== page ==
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Bicuspid aortic valve disease

Bicuspid Aortic Valve Disease: How to Manage

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Bicuspid aortic valve disease is a simple yet common congenital heart defect affecting nearly 2% of the population or roughly 1 in 50 people. In a normal heart, the aortic valve will have three cusps that regulate blood flow from the left ventricle into the aorta. When there is an abnormal development of the valve, the heart can have two cusps (bicuspid) or one cusp (unicuspid). Uneven development can present problems over time as the bicuspid aortic valve causes the aortic valve to narrow, ultimately blocking blood flow from the heart into the body.

Every seven minutes, a child in the United States is born with a bicuspid aortic valve, so it is by no means an uncommon occurrence. However, any form of heart defect can be scary and overwhelming. Below are some of the most common questions the Ochsner Health cardiology team fields about bicuspid aortic valve disease. We've also outlined some information that will be useful for both patients and family members of patients.

How is bicuspid aortic valve disease diagnosed?

To diagnose bicuspid aortic valve disease, a doctor may hear an abnormal heart sound, requiring additional heart imaging such as echocardiography imaging. Bicuspid aortic valve disease can be associated with other heart abnormalities, most commonly aneurysms.

Is it possible to be diagnosed with bicuspid aortic valve disease as an adult?

Yes, it is possible to be diagnosed with bicuspid aortic valve disease as an adult. While some severe forms are diagnosed in infancy, it is common to be diagnosed for the first time in adulthood.

What are the symptoms of bicuspid aortic valve disease?

In adults, it is common to experience no symptoms of bicuspid aortic valve disease initially. This is because symptoms are generally related to valve dysfunction, aortic dilation, tears in the aorta or infection. If the valve begins to leak (aortic regurgitation/insufficiency) or becomes narrow (stenosis), symptoms are usually shortness of breath or chest pains.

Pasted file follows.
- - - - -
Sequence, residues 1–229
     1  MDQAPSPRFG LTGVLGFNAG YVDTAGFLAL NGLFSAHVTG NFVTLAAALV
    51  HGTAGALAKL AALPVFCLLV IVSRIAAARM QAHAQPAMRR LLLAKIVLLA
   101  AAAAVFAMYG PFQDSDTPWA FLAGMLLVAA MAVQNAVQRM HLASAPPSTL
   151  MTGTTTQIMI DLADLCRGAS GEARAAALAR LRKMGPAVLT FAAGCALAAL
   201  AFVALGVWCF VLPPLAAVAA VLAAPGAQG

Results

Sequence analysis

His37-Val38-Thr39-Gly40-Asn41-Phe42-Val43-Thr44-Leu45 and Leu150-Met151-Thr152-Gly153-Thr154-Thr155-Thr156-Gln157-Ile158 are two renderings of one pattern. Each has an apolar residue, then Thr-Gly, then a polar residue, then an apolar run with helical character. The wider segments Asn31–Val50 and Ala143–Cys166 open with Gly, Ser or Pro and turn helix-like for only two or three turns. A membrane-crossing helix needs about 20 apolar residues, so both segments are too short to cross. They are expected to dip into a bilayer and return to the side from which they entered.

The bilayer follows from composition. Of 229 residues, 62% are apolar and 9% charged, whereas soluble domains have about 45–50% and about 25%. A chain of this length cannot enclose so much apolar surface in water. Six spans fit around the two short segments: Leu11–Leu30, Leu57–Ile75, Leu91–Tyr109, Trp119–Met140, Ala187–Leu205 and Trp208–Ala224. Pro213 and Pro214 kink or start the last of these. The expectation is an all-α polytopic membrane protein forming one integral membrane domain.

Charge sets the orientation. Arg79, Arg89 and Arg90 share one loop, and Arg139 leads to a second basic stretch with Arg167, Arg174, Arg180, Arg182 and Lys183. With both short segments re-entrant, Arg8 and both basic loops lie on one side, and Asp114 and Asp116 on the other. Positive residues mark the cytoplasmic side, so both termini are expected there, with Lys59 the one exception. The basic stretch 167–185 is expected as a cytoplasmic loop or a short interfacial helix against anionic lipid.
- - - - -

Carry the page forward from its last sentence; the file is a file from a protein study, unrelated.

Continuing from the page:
If the aorta tears (dissection), this can become life-threatening and is recognized as a medical emergency. In the case of an aorta tear, symptoms can include chest and mid-back pain. There is a risk of infection of the heart valve, and symptoms can include fever, chills and fatigue.

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How is bicuspid aortic valve disease treated?

Surveillance with heart imaging is essential for the identification of significant valve abnormality or enlargement of the aorta. It is crucial to consider the size of the aorta related to the person's physical size. Good dental hygiene, blood pressure control and appropriate cholesterol control are other meaningful treatment factors.

The American College of Cardiology and the American Heart Association no longer recommend antibiotics before procedures for bicuspid aortic valve disease. This is because the risk of heart valve infection (endocarditis) is extremely low, and there is a high prevalence of antibiotic resistance.

Will I need surgery to correct the defect?

Maybe. People with bicuspid aortic valves are more likely to need surgery than the general population. However, not everybody will. You may need aortic valve replacement and replacement of the aorta at some point in your life.

How does bicuspid aortic valve disease affect my family?

There is a 9% prevalence of bicuspid aortic valve disease within immediate family members. Therefore, the American College of Cardiology and the American Heart Association recommend echocardiographic screenings for immediate family members.

Are there any limitations to exercise?

If there is no significant or only mild valve disease and normal size aorta, then exercise is encouraged. If there is severe valve disease, aerobic exercise can be performed after evaluation by a physician. If there is a significant abnormality in the aorta, aerobic exercises are well-tolerated. However, some limitations need to be discussed with your doctor about competitive sports and weight training.

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